The word Geometry is of the Greek origin; it derives from the Greek geo (earth) and metron (measure). Originally, the subject of Geometry was earth measurement. With time, however, both the subject and the method of geometry have changed. From the time of Euclid's Elements (3rd century B.C.), Geometry was considered as the epitome of the axiomatic method which itself underwent a fundamental revolution in the 19th century. Revolutionary in many other aspects, the 19th century also witnessed metamorphosis of a single science - Geometry - into several related disciplines.
The subject of Projective Geometry, for one, is the incidence of geometric objects: points, lines, planes. Incidence (a point on aline, a line through a point) is preserved by projective transformations, but measurements are not. Thus in Projective Geometry, the notion of measurement is completely avoided, which makes the term - Projective Geometry - an oxymoron.
In Projective Geometry, conic sections (circles, ellipses, parabolas, hyperbolas) are indistinguishable. Perhaps, for this reason alone, some would forego the study of Analytic Geometry in favor of its Projective cousin. However, even without measurements, Projective Geometry is neither simple nor lacking in content. The applet below illustrates one of the most surprising geometric results probably discovered by Pappus of Alexandria (3rd century A.D.) who is considered to be the last of the great Greek geometers.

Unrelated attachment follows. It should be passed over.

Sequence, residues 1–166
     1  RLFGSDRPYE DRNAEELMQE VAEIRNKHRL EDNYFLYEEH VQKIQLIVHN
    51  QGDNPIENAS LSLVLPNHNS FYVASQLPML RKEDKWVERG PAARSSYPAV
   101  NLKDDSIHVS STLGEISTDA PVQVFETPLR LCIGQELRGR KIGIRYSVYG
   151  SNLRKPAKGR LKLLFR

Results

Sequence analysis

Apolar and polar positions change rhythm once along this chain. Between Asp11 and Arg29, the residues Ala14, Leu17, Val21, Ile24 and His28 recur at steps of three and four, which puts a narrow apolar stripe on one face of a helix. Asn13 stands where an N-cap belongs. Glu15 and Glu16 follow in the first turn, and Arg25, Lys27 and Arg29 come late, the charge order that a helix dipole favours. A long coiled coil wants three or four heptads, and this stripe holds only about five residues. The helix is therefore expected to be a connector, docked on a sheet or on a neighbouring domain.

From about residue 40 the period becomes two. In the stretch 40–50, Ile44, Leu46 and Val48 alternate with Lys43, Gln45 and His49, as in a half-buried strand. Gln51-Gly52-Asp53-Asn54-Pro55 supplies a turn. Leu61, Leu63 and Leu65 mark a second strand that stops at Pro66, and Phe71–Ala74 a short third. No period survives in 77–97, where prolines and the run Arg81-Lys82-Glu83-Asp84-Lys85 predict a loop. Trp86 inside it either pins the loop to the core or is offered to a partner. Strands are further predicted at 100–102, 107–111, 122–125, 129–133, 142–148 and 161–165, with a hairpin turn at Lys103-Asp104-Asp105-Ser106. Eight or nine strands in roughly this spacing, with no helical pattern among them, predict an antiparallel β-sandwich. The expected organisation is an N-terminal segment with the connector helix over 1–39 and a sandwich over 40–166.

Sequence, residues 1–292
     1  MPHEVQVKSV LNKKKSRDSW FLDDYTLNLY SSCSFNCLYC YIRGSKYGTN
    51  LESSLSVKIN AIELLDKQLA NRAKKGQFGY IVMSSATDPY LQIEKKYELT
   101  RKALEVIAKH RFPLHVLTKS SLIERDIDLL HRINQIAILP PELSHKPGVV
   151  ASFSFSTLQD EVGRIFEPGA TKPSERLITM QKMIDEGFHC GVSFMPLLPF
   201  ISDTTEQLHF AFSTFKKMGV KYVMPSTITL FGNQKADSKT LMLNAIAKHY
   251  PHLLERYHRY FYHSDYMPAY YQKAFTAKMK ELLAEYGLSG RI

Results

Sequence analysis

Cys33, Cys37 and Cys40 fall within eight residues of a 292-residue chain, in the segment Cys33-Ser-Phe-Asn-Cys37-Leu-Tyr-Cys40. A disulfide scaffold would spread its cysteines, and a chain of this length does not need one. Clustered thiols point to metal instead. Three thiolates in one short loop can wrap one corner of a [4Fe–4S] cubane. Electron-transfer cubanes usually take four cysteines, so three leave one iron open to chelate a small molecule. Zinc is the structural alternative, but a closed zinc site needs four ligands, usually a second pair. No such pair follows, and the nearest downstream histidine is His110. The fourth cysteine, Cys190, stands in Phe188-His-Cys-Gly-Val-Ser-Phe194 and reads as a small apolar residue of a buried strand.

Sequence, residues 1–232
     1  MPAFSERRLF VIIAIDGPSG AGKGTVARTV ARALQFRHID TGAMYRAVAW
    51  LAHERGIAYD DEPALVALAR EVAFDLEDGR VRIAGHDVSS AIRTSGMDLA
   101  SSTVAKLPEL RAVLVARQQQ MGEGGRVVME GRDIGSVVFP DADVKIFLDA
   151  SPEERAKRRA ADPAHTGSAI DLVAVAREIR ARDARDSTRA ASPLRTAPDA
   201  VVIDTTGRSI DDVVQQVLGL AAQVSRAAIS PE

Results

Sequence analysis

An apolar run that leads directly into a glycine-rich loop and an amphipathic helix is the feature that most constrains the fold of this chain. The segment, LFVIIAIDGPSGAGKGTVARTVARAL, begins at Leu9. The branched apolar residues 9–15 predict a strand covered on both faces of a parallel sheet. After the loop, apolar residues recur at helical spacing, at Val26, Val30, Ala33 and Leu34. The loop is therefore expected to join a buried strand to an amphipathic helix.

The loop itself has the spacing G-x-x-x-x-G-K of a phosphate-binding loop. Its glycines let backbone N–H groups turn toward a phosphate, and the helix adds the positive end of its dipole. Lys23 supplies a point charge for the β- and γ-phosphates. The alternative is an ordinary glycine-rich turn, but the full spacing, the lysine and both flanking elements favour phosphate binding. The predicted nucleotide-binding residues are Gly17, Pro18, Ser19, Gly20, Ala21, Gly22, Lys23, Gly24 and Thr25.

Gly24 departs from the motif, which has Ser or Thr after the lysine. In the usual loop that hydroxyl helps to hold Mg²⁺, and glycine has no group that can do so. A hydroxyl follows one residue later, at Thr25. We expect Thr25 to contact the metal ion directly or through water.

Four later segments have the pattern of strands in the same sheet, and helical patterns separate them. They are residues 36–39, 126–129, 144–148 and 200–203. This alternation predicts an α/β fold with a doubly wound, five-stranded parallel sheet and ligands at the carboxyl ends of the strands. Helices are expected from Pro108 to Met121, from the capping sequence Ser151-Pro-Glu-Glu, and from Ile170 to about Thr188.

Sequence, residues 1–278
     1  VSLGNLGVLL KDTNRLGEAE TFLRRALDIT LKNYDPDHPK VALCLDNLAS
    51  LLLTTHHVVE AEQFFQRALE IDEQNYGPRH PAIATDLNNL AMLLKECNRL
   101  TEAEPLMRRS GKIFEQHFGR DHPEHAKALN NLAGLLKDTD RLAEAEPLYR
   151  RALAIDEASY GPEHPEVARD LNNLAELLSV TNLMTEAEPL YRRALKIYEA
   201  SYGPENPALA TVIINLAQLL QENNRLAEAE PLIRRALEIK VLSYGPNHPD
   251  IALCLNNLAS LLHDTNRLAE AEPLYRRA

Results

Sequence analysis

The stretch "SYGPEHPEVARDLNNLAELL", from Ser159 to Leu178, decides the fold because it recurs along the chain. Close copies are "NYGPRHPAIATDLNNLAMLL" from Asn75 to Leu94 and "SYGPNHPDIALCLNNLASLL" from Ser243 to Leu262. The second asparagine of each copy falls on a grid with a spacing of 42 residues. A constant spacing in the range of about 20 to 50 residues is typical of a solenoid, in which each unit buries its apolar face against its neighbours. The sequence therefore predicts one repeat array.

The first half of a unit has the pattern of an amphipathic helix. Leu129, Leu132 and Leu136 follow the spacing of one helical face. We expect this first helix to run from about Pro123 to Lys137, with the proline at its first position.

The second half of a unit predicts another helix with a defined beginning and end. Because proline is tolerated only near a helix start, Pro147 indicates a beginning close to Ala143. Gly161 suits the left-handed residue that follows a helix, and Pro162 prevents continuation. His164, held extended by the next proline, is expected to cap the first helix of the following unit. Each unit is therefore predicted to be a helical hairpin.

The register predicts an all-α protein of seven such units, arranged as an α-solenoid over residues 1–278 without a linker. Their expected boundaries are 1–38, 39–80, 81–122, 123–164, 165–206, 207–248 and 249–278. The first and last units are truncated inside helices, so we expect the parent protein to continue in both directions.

Let three points A, B, C be incident to a single straight line and another three points a,b,c incident to (generally speaking) another straight line. Then three pairwise intersections
(A point and a line are said to be incident if the line passes through the point, or, equivalently, if the point lies on the line.)
The configuration of 9 points and 9 lines is quite remarkable. Firstly, the triples of the points
The second remarkable feature of the configuration is that it is self-dual. Duality is germane to Projective Geometry. Two statements that only deal with incidence of points and lines are called dual if one is obtained from the other by simply swapping the words point and line. For example, the dual of Pappus' theorem reads
Let three lines A, B, C be incident to a single point and another three lines a,b,c incident to (generally speaking) another point. Then three pairwise intersections
(By convention, intersection of two (distinct) points is the straight line that passes through these points.)